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Memorial To 749 Americans Closes Book On WWII Tragedy

November 14, 1987

SLAPTON SANDS, England (AP) _ For U.S. veteran Manny Rubin, Sunday’s dedication of an American memorial to 749 comrades who died in one of World War II’s forgotten tragedies is a bittersweet end to a slaughter that never should have happened.

Rubin was among the lucky survivors of what came to be known as ″The Night of the Bloody Tiger,″ a dry-run for the D-Day landings that turned terribly real when German E-boats torpedoed the exercise off southern England.

The result was one of the highest U.S. casualty tolls of the war to that point, Pearl Harbor excluded.

Because of secrecy surrounding the Normandy invasion six weeks later, the disaster of Exercise Tiger did not come to light until after the war.

Even then, it was treated as a footnote to the invasion that launched the Allied forces on the road to victory.

There is still controversy over how many soldiers and sailors perished - some say over a thousand. And nothing was done to commemorate their sacrifice.

Charles B. MacDonald, former deputy U.S. Army chief historian, was called out of retirement to research the exercise. He told a news conference Saturday he believes the death toll was probably 946 - 749 soldiers plus 197 seamen overlooked in earlier counts.

A mock seaborne invasion of Slapton Sands beach by 30,000 troops turned into a real battle when nine German E-boats - fast, light craft that harassed coastal shipping during the war - torpedoed three amphibious landing craft on the night of April 28, 1944.

Hundreds died in the attacks. Others were killed by fellow Americans who mistook them for Germans in the dark. Hundreds more drowned by putting their Mae West life vests around their waists instead of under their arms.

″The sea was on fire. It was a dreadful sight. It was just a slaughter really,″ recalled Rubin, then a 21-year-old Navy signalman on one of the landing craft.

If there had been a destroyer escort to throw up a star shell and illuminate the battle scene and if the rookie GIs had been taught the right way to put on their life vests, many lives could have been saved, he said.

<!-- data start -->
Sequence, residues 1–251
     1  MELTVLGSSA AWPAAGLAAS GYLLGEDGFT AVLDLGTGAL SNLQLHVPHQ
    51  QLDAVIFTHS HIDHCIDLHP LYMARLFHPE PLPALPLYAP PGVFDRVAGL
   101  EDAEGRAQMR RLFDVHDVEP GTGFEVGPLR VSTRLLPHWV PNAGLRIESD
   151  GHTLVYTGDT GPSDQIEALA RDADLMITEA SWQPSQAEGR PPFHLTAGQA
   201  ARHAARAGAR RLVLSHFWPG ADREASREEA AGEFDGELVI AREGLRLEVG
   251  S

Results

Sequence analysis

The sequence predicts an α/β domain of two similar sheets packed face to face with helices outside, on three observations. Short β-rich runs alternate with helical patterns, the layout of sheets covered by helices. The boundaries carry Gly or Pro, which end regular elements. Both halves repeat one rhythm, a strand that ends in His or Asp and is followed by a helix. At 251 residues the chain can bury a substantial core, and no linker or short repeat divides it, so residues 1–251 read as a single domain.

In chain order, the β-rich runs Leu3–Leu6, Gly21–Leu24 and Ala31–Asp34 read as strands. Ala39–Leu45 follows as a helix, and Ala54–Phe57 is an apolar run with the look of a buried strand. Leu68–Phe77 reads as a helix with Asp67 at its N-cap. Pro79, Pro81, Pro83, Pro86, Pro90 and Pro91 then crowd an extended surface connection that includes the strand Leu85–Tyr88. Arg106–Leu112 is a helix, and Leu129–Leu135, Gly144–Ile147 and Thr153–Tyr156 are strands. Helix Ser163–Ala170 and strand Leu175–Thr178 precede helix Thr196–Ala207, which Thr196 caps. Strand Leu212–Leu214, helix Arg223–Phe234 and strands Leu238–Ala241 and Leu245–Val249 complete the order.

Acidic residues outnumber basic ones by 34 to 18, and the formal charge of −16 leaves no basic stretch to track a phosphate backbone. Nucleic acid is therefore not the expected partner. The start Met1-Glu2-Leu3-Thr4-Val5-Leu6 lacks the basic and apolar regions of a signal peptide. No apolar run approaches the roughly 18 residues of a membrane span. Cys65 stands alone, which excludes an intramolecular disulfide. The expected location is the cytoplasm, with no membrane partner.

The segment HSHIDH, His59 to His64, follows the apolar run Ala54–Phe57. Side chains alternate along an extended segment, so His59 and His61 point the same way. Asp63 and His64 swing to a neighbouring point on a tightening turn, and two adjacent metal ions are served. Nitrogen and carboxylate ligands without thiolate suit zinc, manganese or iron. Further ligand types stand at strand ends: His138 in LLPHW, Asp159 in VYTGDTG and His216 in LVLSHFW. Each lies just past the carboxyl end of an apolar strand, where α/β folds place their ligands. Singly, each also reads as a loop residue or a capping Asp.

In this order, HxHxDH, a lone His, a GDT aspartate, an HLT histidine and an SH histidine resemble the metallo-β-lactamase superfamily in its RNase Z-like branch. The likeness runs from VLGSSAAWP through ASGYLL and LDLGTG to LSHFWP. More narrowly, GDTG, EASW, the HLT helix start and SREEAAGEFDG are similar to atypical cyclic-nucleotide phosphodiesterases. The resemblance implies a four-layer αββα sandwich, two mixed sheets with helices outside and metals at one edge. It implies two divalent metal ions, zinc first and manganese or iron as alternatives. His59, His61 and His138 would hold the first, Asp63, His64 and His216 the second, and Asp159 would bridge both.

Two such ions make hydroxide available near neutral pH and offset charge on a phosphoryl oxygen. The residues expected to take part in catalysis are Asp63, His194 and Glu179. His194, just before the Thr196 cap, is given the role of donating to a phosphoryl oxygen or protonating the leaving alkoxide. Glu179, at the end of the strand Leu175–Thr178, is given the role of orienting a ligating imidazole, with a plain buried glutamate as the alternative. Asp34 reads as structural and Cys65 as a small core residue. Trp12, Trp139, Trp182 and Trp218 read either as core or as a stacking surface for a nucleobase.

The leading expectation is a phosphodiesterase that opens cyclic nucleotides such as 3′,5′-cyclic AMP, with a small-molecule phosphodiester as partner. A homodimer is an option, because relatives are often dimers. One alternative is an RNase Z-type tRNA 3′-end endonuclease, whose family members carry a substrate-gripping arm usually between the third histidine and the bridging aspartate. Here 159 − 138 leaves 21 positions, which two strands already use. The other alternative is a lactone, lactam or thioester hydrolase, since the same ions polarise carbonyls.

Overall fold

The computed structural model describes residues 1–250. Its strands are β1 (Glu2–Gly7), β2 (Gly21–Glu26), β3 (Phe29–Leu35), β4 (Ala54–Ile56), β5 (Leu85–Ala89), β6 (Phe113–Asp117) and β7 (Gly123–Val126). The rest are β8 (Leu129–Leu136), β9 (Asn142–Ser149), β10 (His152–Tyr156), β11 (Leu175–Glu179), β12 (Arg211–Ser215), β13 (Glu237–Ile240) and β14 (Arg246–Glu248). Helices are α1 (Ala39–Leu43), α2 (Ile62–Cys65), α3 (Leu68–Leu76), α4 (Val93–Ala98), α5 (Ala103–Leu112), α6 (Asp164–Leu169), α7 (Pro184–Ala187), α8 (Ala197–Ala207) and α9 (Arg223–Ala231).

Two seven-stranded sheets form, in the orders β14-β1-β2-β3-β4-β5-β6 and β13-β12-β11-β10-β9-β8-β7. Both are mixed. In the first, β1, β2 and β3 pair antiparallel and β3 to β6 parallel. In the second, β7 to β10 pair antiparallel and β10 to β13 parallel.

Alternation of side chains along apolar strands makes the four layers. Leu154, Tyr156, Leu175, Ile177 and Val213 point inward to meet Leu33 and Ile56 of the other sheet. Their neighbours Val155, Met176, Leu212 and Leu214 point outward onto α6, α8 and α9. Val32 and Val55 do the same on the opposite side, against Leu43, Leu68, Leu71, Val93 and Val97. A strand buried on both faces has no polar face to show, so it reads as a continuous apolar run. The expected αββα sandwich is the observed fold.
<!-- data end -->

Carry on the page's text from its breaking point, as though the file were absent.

″In the morning, the sea as far as you could see was covered with dead bodies, floating upside down,″ Rubin, a garment manufacturer born in the Bronx section of New York City, said in an interview Saturday.

″Then, the revelation over 40 years later, that Royal Air Force planes had spotted the E-boats heading for the coast and reported it to the Admiralty in London - but that word never reached the Americans in Plymouth - that made me hopping mad,″ Rubin said.

The crescent-shaped beach at Slapton Sands was chosen because it resembled Utah Beach on France’s Normandy coast where the American D-Day landings were planned. On D-Day, 179 GIs were killed at Utah Beach.

Rubin, who married an Englishwoman in the Royal Navy and now lives in nearby Plymouth, has been coming to Slapton Sands every April 28 since he moved to England in 1962 - dropping flowers in the sparkling turquoise waters where his comrades died.

For the last three years, he has also placed a wreath on a U.S. Sherman tank that sank during the exercise and was raised in 1984 by Ken Small, a local guesthouse owner who campaigned for 16 years for an American memorial.

It was Small’s lobbying, and his chance meeting with Rep. Beverly B. Byron, D-Md., that reaped Sunday’s unveiling of a plaque to the slain Americans.

Mrs. Byron’s father, Capt. Harry C. Butcher, witnessed Exercise Tiger as Gen. Dwight D. Eisenhower’s naval aide, and he published an account in 1946.

Said Mrs. Byron: ″The thing that I feel is that it’s something that’s been overlooked. It’s something that should have been done in the past.″

Rubin said he expects to be the only survivor of the exercise at the ceremony.

″I’m representing the boys,″ he said. ″I look at it as if I’m going to a funeral - but it’s 43 years late now.

″When I look at my wife and my wonderful grandchildren, I just feel so sorry for the unborn families of those boys who would have had such lovely lives,″ he said.

″Now, I hope the book can be closed. We’re all so old now. People involved in government now weren’t responsible for what happened then. They have nothing to hide, nothing to lose. So everything’s above board now.

″I hope the furor dies down. There shouldn’t be any more controversy. Let them rest in peace.″

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